Indeed, migrants who arrive solely in search of better economic opportunities are purely ‘economic migrants’ and no refugee protection is, and can logically be, afforded to them. Bangladeshi Muslims predominantly fall into that category. It is also critical to note here that, for some categories of refugees such as Rohingya from Myanmar, national security considerations as well as bilateral relations override granting refugee status.
Secondly, the only effect of the CAA is to enlist specific categories of people (six religious minorities) from specific countries (three neighbouring nations of Pakistan, Afghanistan and Bangladesh) as ‘historically persecuted groups’ similar to the Lautenberg Amendment obviating the need for them to meet the individual demonstration requirement. In addition, the CAA fast-tracks the amount of time these specific categories need to physically be in India in order to be eligible to apply for Indian citizenship.
Back in 2013, when Senator Lautenberg passed away, the US Commission on International Religious Freedom (USCIRF) deeply mourned his loss, stating that, for more than two decades, he “championed a measure” which provides “a vital lifeline to freedom for persecuted religious minorities.” USCIRF went on to urge the US Congress to make this law permanent. As of now, the Lautenberg Amendment is required to be renewed annually.
In February 2018, when the Trump administration denied asylum to around 100 religious minorities from Iran (mostly comprising of Christians), the USCIRF urged the US government to reopen their cases and grant them asylum status, stating that “few policies embody this commitment [of protecting religious freedom] more than the Lautenberg Amendment”.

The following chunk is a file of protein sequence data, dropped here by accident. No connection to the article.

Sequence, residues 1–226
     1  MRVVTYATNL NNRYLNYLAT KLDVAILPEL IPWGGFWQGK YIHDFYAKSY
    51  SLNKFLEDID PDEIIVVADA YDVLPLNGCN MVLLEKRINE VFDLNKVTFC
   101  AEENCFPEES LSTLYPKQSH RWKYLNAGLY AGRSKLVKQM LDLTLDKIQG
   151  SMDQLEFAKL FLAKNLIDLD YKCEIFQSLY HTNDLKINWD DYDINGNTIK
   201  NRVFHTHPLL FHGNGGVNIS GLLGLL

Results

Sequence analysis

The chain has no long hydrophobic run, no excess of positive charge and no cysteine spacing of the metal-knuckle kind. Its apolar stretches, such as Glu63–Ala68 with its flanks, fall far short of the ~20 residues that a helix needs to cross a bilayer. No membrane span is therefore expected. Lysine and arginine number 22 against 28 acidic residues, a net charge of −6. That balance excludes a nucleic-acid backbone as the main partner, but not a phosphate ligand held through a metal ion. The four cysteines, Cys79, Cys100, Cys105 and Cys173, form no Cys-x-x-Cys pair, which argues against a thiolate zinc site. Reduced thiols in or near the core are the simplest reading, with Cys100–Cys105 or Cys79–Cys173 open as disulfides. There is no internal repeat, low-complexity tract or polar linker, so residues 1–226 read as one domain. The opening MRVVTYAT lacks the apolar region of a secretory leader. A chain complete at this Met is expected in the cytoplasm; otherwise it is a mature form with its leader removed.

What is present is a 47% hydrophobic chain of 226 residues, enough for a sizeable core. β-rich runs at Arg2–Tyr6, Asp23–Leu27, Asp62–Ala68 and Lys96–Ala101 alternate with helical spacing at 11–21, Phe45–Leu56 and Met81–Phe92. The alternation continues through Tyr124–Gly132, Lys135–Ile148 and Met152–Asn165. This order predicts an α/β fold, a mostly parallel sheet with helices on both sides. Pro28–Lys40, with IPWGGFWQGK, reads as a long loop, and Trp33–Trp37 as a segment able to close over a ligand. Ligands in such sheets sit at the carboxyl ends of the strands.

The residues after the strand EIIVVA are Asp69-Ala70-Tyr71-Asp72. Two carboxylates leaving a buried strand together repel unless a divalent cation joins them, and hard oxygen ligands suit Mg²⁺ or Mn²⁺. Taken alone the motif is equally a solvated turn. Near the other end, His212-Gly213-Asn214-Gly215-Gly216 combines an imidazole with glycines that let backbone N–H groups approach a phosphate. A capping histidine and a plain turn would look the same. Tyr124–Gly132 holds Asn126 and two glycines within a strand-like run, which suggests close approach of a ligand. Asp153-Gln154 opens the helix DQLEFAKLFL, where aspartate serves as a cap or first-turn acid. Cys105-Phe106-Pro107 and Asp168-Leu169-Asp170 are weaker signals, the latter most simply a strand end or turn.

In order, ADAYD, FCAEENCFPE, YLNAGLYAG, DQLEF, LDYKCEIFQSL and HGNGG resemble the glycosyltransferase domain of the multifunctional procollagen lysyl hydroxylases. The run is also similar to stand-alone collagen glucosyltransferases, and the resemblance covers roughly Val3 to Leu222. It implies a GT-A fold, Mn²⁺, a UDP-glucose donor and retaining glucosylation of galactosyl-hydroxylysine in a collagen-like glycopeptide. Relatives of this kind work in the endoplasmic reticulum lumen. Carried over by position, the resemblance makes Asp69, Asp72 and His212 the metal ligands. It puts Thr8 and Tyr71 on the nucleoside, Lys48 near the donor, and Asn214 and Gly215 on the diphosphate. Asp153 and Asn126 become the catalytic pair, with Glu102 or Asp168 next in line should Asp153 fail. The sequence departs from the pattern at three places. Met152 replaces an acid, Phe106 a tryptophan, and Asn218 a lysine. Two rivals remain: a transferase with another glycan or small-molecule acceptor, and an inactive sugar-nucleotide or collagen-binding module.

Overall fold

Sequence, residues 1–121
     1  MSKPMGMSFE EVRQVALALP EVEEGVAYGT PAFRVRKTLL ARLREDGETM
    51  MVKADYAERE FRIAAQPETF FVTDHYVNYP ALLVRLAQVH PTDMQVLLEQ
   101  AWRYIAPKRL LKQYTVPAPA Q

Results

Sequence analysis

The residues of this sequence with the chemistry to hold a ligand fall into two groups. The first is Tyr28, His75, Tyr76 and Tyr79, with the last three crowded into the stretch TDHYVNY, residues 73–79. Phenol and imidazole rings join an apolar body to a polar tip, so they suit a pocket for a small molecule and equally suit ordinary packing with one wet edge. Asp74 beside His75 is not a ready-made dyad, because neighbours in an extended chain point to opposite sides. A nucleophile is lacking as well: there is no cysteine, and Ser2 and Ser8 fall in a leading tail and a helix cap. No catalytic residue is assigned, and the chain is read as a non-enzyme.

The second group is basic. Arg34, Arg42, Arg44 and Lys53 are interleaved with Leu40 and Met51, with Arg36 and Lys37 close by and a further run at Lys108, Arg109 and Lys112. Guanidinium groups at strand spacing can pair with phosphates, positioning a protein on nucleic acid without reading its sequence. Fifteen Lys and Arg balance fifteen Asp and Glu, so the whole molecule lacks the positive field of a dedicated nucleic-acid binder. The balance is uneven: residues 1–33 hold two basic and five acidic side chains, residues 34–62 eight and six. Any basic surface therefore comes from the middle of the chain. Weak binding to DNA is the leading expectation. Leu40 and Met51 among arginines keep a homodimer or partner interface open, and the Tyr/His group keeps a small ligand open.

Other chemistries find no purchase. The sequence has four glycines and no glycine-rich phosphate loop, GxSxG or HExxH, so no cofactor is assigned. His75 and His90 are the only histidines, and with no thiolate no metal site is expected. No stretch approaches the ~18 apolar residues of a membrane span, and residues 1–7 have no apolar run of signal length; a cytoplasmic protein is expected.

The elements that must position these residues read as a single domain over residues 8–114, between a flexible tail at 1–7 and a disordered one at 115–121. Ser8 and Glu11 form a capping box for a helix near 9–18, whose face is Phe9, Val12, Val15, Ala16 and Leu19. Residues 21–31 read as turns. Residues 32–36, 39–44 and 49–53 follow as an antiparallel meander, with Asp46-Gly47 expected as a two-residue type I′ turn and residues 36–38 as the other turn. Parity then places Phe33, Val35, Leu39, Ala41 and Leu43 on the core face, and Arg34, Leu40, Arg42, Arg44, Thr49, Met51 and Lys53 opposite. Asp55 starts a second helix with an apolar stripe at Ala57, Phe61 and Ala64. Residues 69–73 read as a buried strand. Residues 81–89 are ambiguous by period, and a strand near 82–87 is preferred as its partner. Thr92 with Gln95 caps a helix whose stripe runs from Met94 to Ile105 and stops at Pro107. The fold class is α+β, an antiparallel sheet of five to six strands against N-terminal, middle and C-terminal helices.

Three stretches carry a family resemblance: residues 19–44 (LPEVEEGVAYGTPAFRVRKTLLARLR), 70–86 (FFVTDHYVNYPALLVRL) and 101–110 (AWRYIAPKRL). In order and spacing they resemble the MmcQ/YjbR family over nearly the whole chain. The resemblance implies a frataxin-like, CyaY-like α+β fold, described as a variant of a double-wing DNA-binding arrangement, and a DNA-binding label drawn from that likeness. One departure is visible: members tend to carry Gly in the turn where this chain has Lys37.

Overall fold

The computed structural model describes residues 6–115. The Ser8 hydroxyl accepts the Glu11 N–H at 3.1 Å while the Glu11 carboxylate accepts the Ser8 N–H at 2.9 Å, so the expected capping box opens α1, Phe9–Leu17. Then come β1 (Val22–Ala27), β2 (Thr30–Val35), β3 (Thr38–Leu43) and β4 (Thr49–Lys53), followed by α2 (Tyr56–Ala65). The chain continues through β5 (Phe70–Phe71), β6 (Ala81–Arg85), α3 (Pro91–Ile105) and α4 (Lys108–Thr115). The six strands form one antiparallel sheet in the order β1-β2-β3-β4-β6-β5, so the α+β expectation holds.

When the CAA was passed by the Lok Sabha (the Lower House of Parliament), a law which seeks to give historically persecuted minorities special benefits without rendering anyone else worse off in any manner, USCIRF published an ill-informed press release raising “serious concerns” and mulling “sanctions recommendations” on India for enactment of the law which, according to it, was a “dangerous turn in the wrong direction”.
The tone and tenor of USCIRF’s press release was effectively carried through in mainstream newspapers and news media. The USCIRF went on to state that CAA enshrined a pathway to citizenship for immigrants which “specifically excluded Muslims, setting a legal criterion for citizenship based on religion”.
That the Lautenberg Amendment specifically excluded Muslims of Iran and Soviet Union — indeed, it identified beneficiaries persecuted due to religion just like the CAA does — didn’t dawn upon the bipartisan federal commission USCIRF. That the Lautenberg Amendment specifically mentioned religions in regard to nationals and residents of former Soviet Union wasn’t an obstacle in urging the US Congress to make this law a permanent measure.
(The author is a lawyer and columnist. Views expressed are personal)